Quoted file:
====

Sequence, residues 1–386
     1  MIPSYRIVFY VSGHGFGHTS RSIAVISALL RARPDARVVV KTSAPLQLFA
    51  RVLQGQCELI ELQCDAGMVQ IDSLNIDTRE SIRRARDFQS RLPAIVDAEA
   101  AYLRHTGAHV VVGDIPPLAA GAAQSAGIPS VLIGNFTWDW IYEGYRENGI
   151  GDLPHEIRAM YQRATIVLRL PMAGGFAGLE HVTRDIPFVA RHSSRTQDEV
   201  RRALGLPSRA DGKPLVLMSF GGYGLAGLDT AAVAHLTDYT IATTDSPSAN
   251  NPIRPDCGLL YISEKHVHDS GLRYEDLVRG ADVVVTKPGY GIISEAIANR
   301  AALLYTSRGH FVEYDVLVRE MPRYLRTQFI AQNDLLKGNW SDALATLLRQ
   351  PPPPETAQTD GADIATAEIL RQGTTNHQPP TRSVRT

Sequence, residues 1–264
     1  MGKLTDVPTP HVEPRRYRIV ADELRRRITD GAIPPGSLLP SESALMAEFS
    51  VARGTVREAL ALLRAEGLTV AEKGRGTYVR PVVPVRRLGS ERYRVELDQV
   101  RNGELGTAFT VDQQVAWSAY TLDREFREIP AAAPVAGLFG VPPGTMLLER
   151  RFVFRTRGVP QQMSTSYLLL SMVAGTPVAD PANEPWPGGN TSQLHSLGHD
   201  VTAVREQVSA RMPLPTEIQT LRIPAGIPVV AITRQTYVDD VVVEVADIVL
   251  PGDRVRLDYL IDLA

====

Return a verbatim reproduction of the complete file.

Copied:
Sequence, residues 1–386
     1  MIPSYRIVFY VSGHGFGHTS RSIAVISALL RARPDARVVV KTSAPLQLFA
    51  RVLQGQCELI ELQCDAGMVQ IDSLNIDTRE SIRRARDFQS RLPAIVDAEA
   101  AYLRHTGAHV VVGDIPPLAA GAAQSAGIPS VLIGNFTWDW IYEGYRENGI
   151  GDLPHEIRAM YQRATIVLRL PMAGGFAGLE HVTRDIPFVA RHSSRTQDEV
   201  RRALGLPSRA DGKPLVLMSF GGYGLAGLDT AAVAHLTDYT IATTDSPSAN
   251  NPIRPDCGLL YISEKHVHDS GLRYEDLVRG ADVVVTKPGY GIISEAIANR
   301  AALLYTSRGH FVEYDVLVRE MPRYLRTQFI AQNDLLKGNW SDALATLLRQ
   351  PPPPETAQTD GADIATAEIL RQGTTNHQPP TRSVRT

Sequence, residues 1–264
     1  MGKLTDVPTP HVEPRRYRIV ADELRRRITD GAIPPGSLLP SESALMAEFS
    51  VARGTVREAL ALLRAEGLTV AEKGRGTYVR PVVPVRRLGS ERYRVELDQV
   101  RNGELGTAFT VDQQVAWSAY TLDREFREIP AAAPVAGLFG VPPGTMLLER
   151  RFVFRTRGVP QQMSTSYLLL SMVAGTPVAD PANEPWPGGN TSQLHSLGHD
   201  VTAVREQVSA RMPLPTEIQT LRIPAGIPVV AITRQTYVDD VVVEVADIVL
   251  PGDRVRLDYL IDLA